Employability: a word that seems to appear in every university meeting, strategy, and chases you ominously every time you walk past the yellow glow of Career Central. Employability has become the word of choice in a world where universities are at the will of where they sit in various league tables, constantly fixated on metrics that can either make or break them - and fearful of anything that might reduce applications from students who bring in funding via their tuition fees.
First of all, here's some technical bits on why UEA, like many other universities, will be prodding you undergraduates to get to work on your CVs lately. The Teaching Excellence Framework (TEF), which ranks universities by their 'quality of teaching,' uses rates of employment 6 months after graduation and the number of graduates in ‘highly skilled’ employment as its criteria. Soon TEF may also take the Longitudinal Education Outcomes (LEO) data into account, which measures salary up to 5 years after graduation. In reality, it is far more likely that the luck of your upbringing, the elitist reputation of your university, and your social capital have more bearing on your ability to find a job, than the excellent lecturer who passionately introduced you to the work of Judith Butler. We must not start to confound employment prospects with quality of teaching, and should be challenging such a connection set by the government.
It’s not just undergraduates who are being told to prepare for employment, but also research students, who are increasingly being pressured to take their future employability seriously. In a recent paper One Size Does Not Fit All from CHASE, PhD candidates were warned not to prioritise their thesis at the expense of their career planning. When I read this, I stopped and reflected over this line for quite a while at the idea that PhD students should be reprioritising their thesis in exchange for employability. RE-PRIOROTISE THEIR THESIS? the entire reason they are in higher education, the things that contribute so much to the world of research? Then I got to thinking - why are we all actually here?
You might have made the decision to apply for an undergraduate degree because with over 50% of the population entering higher education, not gaining a degree qualification may disadvantage you in the job market. I get it, you are going to be concerned about employability when you are paying record levels of tuition fees. More and more students will also be considering applying for a Masters Degree because an Undergraduate degree isn’t competitive enough. Employability through university is a real concern for students, and one that the university should respond to. This, however, should take the form of consulting with students about what that actually means, because it feels like we aren’t even having a debate about what we want from HE anymore. Do students want the university to be more employability focused - and at what expense?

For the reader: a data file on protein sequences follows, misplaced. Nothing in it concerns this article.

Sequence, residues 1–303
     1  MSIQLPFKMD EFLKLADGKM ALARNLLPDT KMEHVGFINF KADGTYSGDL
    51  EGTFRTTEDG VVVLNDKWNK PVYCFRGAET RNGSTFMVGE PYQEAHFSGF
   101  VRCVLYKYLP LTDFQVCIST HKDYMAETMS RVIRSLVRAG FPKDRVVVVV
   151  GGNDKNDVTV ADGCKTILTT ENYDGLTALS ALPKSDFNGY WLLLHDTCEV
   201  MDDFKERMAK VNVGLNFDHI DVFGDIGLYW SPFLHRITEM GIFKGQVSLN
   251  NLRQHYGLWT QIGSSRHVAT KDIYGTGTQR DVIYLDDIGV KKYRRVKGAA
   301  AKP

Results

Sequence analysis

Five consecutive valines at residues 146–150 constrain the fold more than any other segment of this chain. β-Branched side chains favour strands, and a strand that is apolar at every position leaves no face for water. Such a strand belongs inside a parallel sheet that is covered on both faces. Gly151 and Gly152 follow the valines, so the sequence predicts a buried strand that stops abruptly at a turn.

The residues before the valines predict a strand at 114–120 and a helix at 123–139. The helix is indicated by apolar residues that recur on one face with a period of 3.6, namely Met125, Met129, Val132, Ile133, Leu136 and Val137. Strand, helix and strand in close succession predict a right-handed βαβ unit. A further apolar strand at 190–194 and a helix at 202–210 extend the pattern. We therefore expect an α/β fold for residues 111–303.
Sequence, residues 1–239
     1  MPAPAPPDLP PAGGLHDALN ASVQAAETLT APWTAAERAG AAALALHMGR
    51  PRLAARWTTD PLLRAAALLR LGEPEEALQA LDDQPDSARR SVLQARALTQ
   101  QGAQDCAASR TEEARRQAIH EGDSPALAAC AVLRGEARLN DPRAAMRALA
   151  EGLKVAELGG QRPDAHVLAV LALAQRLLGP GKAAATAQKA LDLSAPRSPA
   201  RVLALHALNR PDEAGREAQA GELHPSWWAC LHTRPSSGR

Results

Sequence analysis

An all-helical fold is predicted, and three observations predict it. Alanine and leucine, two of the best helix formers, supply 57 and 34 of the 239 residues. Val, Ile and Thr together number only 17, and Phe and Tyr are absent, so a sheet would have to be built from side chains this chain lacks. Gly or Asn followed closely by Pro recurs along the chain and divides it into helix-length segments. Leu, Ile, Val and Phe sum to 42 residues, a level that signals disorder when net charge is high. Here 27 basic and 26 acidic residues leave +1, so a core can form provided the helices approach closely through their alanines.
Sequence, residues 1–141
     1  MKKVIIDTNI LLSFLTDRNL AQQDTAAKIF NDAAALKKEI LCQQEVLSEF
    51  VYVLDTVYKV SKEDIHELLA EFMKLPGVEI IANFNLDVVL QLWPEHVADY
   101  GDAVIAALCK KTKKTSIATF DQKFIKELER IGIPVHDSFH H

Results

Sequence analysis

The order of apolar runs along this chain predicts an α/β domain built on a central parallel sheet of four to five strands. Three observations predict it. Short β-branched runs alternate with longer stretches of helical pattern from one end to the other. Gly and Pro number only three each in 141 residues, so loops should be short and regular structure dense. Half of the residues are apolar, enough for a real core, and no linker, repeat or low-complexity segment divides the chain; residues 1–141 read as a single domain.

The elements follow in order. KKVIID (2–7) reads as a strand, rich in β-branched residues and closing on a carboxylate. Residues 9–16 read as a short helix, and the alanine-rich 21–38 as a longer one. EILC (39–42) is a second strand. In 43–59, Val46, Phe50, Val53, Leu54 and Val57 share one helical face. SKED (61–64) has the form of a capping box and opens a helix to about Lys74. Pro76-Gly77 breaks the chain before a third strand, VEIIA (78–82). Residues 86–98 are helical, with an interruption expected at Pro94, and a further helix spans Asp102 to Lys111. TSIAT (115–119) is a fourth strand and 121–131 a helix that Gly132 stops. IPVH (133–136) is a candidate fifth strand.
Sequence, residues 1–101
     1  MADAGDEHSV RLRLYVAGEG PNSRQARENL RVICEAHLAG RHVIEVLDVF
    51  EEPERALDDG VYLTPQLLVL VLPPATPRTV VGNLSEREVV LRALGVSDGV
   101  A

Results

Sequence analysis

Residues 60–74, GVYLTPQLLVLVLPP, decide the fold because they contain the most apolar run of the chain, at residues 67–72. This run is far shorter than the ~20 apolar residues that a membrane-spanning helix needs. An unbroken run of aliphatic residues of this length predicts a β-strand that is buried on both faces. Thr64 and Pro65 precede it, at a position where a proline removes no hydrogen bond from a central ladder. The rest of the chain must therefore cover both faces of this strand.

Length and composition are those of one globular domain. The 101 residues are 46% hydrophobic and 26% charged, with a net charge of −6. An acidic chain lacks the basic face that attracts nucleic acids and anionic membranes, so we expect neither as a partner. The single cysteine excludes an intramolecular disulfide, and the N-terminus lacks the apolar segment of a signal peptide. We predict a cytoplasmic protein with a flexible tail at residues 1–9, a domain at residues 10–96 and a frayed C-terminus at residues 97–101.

The fact that we often seem to miss, is that Universities were never really developed to make people employable. Are universities not, in concept, meant to be about contribution to the knowledge of mankind and the changing the way we view the world? Regardless of your occupation after university, you have had the opportunity to develop personally in way that will change the way you interact with and critique the world.
But there doesn’t seem to be a debate anymore about HE and what it does for society, or why students come to university. The worth of a university, and the worth of its students, has become reduced to the wages of its graduates. This is a sorry state of affairs, and one that I would have expected people within universities to challenge. It might be harder for people outside HE circles to see the value added to each individual student, but Vice Chancellors across the country should have no trouble believing and promoting the power of education, because they are themselves products of it. If you are looking for a group of people to explain through innovative and intellectual arguments, the wider value of HE, then look no further than the students in HE itself.
Universities are tampering with curricula in the name of employability, but to what end? At what point will higher education cease to be what it once was? And when have we engaged with students about why they came here in the first place, or what they think of their actual curricula being tampered with?
In the coming weeks, uea(su) are going to be consulting with students about what employability means to them. We want to know what kind of services you want the University to provide so that we can feed this back to University management. I want to promote wider discussion about what employability in HE actually means.